Types of Spinal Cord Injury

Spinal cord injuries typically occur when our spine is harmed due to dislocation or fracture. Such types of injuries are more likely to be more life-changing than other injuries. You see, the spine enables functioning such as walking and movement. Patients who experience from the loss of functionality need to adhere to a strange way of life to adapt to their new incapacities. Nonetheless, not every spine injury leads to severe damages or loss of movement. You will find some injuries that heal immediately.


In case you didn’t know yet, approximately 12,500 spinal cord injuries take place in the United States yearly. That leaves injured individuals, as well as their family and friend to cope with the repercussion of the disaster.


Therefore, an informed patient is better geared to support his or her interests and requirements. Understanding the anatomy of the spinal cord will help you better understand what your physician is talking about. It will also enable you to ask smart questions and spot medical issues before they risk your overall health.


In this post, allow us to inform you about the fundamentals you must understand the different types of spinal cord injury. Are you now ready? Let’s get started.


The Essentials: Spinal Cord Anatomy

Some people assume that the spinal cord is merely composed of a single piece. But it’s far from the truth. In fact, it is composed of a column of nerves, which is safeguarded by a sheath of myelin. It is also protected by thirty-one vertebrae that shaped like a butterfly.


Medical practitioners categorize the spinal cord into our regions. Understanding the region in which your spinal cord injury took place is the answer to knowing your treatment and diagnosis. Below are the four different regions of the spinal cord:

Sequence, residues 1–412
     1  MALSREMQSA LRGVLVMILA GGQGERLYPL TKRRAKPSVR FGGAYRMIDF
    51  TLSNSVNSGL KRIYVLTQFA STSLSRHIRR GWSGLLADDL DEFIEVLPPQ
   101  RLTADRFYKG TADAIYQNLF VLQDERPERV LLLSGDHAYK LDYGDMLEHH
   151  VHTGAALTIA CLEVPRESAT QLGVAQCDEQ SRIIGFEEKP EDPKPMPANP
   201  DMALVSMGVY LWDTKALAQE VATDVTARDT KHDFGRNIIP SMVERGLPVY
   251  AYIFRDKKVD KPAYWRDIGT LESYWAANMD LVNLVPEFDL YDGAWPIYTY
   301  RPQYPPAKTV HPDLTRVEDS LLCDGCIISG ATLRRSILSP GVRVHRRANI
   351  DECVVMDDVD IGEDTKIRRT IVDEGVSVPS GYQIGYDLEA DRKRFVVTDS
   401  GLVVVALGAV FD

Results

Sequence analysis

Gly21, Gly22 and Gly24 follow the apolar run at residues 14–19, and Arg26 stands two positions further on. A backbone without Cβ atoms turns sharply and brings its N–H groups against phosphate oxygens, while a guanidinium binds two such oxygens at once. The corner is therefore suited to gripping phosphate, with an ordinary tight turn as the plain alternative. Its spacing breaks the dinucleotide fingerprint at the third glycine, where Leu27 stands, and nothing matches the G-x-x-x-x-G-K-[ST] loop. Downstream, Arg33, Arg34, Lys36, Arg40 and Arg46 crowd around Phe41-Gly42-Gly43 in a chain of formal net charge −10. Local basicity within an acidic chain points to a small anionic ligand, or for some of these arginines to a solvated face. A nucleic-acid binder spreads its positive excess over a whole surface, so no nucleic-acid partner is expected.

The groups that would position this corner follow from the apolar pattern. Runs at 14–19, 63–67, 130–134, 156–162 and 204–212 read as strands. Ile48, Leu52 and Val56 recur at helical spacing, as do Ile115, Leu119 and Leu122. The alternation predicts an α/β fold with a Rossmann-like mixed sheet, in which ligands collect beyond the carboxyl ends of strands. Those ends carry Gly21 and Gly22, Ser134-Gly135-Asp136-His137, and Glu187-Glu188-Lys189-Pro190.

1. The Coccygeal Region. Often called the tailbone, this region is composed of a single vertebra located at the base of our spinal cord.
  1. The Sacral Region. This region is located on the lower part of our spine. Shaped like a triangle, this is composed of five vertebrae. Here, the lumbar cord extends inward. However, the vertebrae of the sacral part stretch outward. You will not find a spinal cord in this area. That’s because it’s composed of nerve roots, exiting the spine at their corresponding vertebral levels.
  1. The Lumbar Spinal Cord. The lumbar spinal cord is where your cord starts to stretch. Take note that this is the lower part of your spinal cord. Try placing your hand in your lower back where your back stretches inward. Do you feel your lumbar region? You will find five lumbar vertebrae in this region, categorized from L1 to L5.
  1. The Thoracic Spinal Cord. This region creates the mid-section of your spinal cord. This is composed of 12 vertebrae from T1 to T12.
  1. The Cervical Spinal Cord. Located on the topmost part of your spinal cord, the cervical spinal cord is where your brain links to your spinal cord. This area also is where your neck links to your back. This area is composed of 8 vertebrae, and it is typically called C1 to C8. Here, every spinal cord numbers are in descending order. That makes C8 as the lowest while C1 is the highest in this region.


What are the Different Types of Injuries in the Spinal Cord?

Always bear in mind that every injury in the spinal cord is categorized into two categories: complete and incomplete.